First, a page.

Gilteritinib: (Moderate) Monitor for an increase in lovastatin-related adverse reactions, including myopathy and rhabdomyolysis, if coadministration with gilteritinib is necessary. Concomitant use may increase lovastatin exposure. Lovastatin is a P-gp substrate; gilteritinib is a P-gp inhibitor.
    Glecaprevir; Pibrentasvir: (Major) Coadministration of glecaprevir with lovastatin is not recommended due to an increased risk of myopathy, including rhabdomyolysis. Coadministration may increase the plasma concentrations of lovastatin. Lovastatin is a substrate of the drug transporter OATP1B1; glecaprevir is an inhibitor of this transporter. In drug interaction studies, coadministration of lovastatin with glecaprevir; pibrentasvir resulted in 70% increase in the AUC of lovastatin. (Major) Coadministration of pibrentasvir with lovastatin is not recommended due to an increased risk of myopathy, including rhabdomyolysis. Coadministration may increase the plasma concentrations of lovastatin. Lovastatin is a substrate of the drug transporter OATP1B1; pibrentasvir is an inhibitor of this transporter. In drug interaction studies, coadministration of lovastatin with glecaprevir; pibrentasvir resulted in 70% increase in the AUC of lovastatin.
    Grapefruit juice: (Major) Large quantities of grapefruit juice (>1 quart daily) should be avoided during lovastatin therapy due to the increased risk of myopathy. Grapefruit juice contains compounds that inhibit the CYP3A4 isozyme in the gut wall. Coadministration with grapefruit juice increases the plasma concentrations and AUC of lovastatin (and its beta-hydroxy acid metabolite) and may have a similar effect on the serum concentrations of simvastatin, atorvastatin, and cerivastatin, which are CYP3A4 substrates. Grapefruit juice should be avoided or minimized in patients taking these agents to avoid the potential for drug accumulation and toxicity (ie. myopathy and rhabdomyolysis).
    Idelalisib: (Contraindicated) Avoid concomitant use of idelalisib, a strong CYP3A inhibitor, with lovastatin, a CYP3A substrate, as lovastatin toxicities, such as myopathy, may be significantly increased. The AUC of a sensitive CYP3A substrate was increased 5.4-fold when coadministered with idelalisib. Consider an alternative to lovastatin. A single dose of 10 mg of rosuvastatin was administered alone and after idelailsib 150 mg for 12 doses in healthy subjects and no changes in exposure to rosuvastatin were observed.
    Imatinib: (Major) Imatinib, STI-571 is a potent inhibitor of the cytochrome P450 3A4 isoenzyme. Concurrent use of lovastatin and imatinib may result in increased levels of lovastatin and potential toxicity. Concurrent use of simvastatin and imatinib resulted in 2- and 3.5-fold increases in simvastatin Cmax and AUC values, respectively.
    Indinavir: (Contraindicated) Concurrent use of lovastatin and anti-retroviral protease inhibitors is contraindicated. The risk of developing myopathy, rhabdomyolysis, and acute renal failure is substantially increased if lovastatin is administered concomitantly with anti-retroviral protease inhibitors. Lovastatin is a substrate of CYP3A4 and anti-retroviral protease inhibitors are strong inhibitors of CYP3A4; therefore, coadministration may result in substantial increases in plasma concentrations of lovastatin.
    Isavuconazonium: (Moderate) Concomitant use of isavuconazonium with lovastatin may result in increased serum concentrations of lovastatin. Lovastatin is a substrate of the hepatic isoenzyme CYP3A4; isavuconazole, the active moiety of isavuconazonium, is an inhibitor of CYP3A4. Caution and close monitoring are advised if these drugs are used together.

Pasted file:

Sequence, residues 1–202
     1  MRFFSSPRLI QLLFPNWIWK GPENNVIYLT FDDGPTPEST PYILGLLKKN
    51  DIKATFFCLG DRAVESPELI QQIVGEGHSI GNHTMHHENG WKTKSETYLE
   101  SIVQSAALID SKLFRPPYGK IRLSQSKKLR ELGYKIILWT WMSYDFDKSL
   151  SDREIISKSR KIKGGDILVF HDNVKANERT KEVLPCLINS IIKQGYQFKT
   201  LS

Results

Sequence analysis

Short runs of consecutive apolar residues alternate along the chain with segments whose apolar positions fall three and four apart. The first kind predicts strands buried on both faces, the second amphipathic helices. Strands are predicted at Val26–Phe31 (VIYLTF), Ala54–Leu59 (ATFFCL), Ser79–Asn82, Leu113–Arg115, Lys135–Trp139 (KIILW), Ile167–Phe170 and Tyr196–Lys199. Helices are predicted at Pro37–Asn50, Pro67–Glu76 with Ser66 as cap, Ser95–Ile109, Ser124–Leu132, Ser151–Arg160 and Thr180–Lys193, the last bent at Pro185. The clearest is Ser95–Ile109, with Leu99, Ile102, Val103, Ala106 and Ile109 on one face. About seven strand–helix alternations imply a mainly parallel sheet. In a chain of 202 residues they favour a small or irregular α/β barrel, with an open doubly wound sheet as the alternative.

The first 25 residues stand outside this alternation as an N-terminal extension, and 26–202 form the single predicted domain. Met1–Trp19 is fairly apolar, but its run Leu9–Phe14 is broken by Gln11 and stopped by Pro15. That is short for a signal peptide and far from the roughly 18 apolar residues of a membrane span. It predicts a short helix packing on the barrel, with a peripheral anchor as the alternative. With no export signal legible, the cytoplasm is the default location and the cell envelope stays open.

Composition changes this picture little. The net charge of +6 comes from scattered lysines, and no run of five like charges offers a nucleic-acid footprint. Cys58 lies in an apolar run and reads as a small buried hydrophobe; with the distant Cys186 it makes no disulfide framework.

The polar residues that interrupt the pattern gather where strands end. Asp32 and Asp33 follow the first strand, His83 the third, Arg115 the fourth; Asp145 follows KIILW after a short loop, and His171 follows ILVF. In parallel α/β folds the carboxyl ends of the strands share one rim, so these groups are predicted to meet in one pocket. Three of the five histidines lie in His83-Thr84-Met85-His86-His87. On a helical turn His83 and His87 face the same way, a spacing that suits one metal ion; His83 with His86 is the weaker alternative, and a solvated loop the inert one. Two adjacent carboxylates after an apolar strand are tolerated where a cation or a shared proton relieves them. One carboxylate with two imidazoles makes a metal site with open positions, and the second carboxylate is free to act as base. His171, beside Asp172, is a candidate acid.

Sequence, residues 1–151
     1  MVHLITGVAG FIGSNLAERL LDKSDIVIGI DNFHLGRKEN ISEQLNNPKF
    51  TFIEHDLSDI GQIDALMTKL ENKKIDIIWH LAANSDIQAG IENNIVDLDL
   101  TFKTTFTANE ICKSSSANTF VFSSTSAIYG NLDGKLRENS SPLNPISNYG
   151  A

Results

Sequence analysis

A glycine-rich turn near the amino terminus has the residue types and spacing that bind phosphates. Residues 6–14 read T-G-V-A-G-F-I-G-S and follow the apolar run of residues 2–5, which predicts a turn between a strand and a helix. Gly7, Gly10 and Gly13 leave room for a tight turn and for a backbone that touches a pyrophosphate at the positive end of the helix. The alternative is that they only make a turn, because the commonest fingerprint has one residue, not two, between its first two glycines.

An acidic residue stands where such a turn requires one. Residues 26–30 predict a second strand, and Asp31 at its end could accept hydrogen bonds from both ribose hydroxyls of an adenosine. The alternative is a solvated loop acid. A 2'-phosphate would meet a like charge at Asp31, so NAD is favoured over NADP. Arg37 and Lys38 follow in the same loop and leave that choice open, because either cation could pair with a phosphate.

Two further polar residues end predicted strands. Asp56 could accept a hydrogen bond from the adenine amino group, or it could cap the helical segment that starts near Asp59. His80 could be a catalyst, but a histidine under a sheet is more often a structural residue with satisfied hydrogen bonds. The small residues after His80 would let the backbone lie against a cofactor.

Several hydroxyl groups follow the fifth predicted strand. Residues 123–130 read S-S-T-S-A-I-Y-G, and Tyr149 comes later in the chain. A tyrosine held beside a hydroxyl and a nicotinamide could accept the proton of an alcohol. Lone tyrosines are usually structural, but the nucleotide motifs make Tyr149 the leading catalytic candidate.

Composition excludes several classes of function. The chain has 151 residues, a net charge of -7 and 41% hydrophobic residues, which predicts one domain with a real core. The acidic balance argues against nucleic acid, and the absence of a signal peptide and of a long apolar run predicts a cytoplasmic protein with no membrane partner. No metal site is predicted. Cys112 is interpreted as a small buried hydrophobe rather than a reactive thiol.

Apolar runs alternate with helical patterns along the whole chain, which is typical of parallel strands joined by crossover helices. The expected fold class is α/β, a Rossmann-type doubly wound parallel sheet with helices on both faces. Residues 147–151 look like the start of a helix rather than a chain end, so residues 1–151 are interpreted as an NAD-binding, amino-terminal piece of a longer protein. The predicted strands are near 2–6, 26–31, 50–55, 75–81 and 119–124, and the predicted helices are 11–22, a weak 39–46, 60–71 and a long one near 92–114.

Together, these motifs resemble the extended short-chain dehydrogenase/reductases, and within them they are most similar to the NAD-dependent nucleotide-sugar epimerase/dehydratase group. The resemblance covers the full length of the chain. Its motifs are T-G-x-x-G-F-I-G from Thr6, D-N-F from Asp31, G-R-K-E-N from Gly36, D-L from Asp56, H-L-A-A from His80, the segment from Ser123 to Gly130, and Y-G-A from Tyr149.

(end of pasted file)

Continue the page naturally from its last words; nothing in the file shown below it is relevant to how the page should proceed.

Isoniazid, INH; Pyrazinamide, PZA; Rifampin: (Moderate) Rifampin has been reported to significantly increase the plasma clearance and decrease the serum concentrations of atorvastatin, simvastatin and fluvastatin, with the potential for reduced antilipemic efficacy. Although not studied, a similar interaction can be expected between other rifamycins (e.g., rifabutin, rifapentine) and other HMG-CoA reductase inhibitors (Statins). To evaluate this interaction, monitor serum lipid concentrations during coadministration of rifamycins with HMG-CoA reductase inhibitors.
    Isoniazid, INH; Rifampin: (Moderate) Rifampin has been reported to significantly increase the plasma clearance and decrease the serum concentrations of atorvastatin, simvastatin and fluvastatin, with the potential for reduced antilipemic efficacy. Although not studied, a similar interaction can be expected between other rifamycins (e.g., rifabutin, rifapentine) and other HMG-CoA reductase inhibitors (Statins). To evaluate this interaction, monitor serum lipid concentrations during coadministration of rifamycins with HMG-CoA reductase inhibitors.
    Isradipine: (Minor) Isradipine has been shown to increase the clearance of lovastatin. Lovastatin serum concentrations were correspondingly lower during isradipine administration. Lovastatin did not have any effect on isradipine pharmacokinetics. The clinical significance of this drug interaction is unclear at this time.
    Itraconazole: (Contraindicated) Lovastatin is contraindicated for use during and for 2 weeks after itraconazole therapy due to the substantial increased risk of developing myopathy, rhabdomyolysis, and acute renal failure. In a small, double-blind study in healthy volunteers, lovastatin mean peak concentrations and lovastatin AUC increased by more than 20-fold when subjects were pretreated with itraconazole. Although side effects were not reported, one patient experienced a 10-fold increase in creatine kinase. One other case is noted of a patient who developed rhabdomyolysis when itraconazole was added to a stable regimen of lovastatin and niacin. Because pravastatin does not significantly rely on the CYP3A4 isoenzyme for metabolism, it is less likely to exhibit an interaction with the azole antifungals. Compared to a 19 to 20-fold increase in lovastatin AUC with concurrent itraconazole, the AUC of pravastatin is increased 1.7-fold when coadministered with itraconazole. The relatively small increase in pravastatin AUC during itraconazole therapy is postulated by the manufacturer to be due to inhibition of P-glycoprotein transport.